The Miz


Once known as the Marty Jannetty of his tandem with John Morrison, The Miz rapidly made a name for himself as a solo star and enjoyed a lengthy, if not poorly executed title reign at the beginning of the year. A star whose light shone brightly leading into Wrestlemania XXVII, the Awesome One has fallen from grace long before his time.

Where his ring ability may fail him – a decent worker at best, capable of good matches with good opponents but ultimately at a mid-card level of ability – his mic skills are on par with the best in the business. More importantly, Miz has something that the likes of Punk, Orton and even Cena lack: mainstream acceptance. Late night talk shows love having him on their shows (Conan O’Brien gave Miz his stamp of approval, and he won everyone over on Lopez Tonight), gossip sites consider his reality show credentials pre-WWE to be worth keeping him in their sights, and celebrities actually know who he is. Mike Mizanin, the man who once bored SmackDown viewers senseless with his “hoo-rah” catchphrase and failure of hosting the Diva Search, is now the WWE’s meal ticket for every celebrity function in town, as well as the credibility that goes with it.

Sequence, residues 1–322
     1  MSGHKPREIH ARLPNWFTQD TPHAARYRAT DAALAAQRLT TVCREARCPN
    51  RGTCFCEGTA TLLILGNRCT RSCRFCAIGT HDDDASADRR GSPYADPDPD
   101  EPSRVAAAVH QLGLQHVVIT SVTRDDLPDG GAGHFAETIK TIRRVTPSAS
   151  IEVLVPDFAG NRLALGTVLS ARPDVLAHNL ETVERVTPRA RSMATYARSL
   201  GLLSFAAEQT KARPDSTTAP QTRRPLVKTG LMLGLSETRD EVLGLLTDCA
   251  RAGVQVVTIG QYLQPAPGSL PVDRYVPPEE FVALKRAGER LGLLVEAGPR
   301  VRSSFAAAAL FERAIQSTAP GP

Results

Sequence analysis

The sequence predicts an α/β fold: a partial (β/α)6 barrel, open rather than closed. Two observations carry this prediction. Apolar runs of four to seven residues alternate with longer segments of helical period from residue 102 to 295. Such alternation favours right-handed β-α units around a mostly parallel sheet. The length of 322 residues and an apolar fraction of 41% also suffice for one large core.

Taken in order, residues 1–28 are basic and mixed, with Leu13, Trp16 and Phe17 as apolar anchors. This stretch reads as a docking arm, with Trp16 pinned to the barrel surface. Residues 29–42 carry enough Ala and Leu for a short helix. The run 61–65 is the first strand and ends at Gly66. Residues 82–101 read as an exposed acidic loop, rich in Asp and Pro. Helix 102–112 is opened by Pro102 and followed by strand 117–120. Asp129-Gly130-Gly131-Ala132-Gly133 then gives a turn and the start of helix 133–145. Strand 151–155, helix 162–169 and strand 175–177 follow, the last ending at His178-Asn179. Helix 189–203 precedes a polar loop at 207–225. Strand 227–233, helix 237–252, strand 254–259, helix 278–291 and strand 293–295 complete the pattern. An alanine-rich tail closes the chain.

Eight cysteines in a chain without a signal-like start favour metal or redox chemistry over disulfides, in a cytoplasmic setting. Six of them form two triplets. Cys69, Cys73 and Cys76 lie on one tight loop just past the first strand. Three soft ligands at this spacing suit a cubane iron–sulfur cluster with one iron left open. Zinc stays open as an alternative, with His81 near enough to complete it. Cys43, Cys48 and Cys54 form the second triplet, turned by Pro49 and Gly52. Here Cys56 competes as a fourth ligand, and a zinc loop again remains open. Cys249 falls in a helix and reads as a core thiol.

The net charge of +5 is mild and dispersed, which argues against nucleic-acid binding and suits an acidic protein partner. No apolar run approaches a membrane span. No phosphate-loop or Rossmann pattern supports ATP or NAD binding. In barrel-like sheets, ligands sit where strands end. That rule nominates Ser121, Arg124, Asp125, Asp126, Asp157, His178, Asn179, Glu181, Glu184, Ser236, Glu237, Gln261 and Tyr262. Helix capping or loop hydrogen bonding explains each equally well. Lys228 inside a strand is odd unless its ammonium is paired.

Yet, celebrity status can only get you so far once you step between the ropes. As a name, The Miz is the closest to The Rock (note: close, not equal) as anyone in wrestling. As an in-ring talent, he’s a step below Cody Rhodes. That may work for a main event of Raw, but try placing it at Wrestlemania and see what happens. In fact, they did do that, and we did see what happened, and now he is jobbing to Air Boom with R-Truth and likely to be mingling with Miss Piggy and Animal come Halloween (which isn’t a bad thing, and anyone who thinks otherwise is wrong). Yet, with his speaking skills, his media work and his ability to carry himself like a bona-fied superstar, we most certainly haven’t seen the last of this “most must-see champion” with the title around his waist.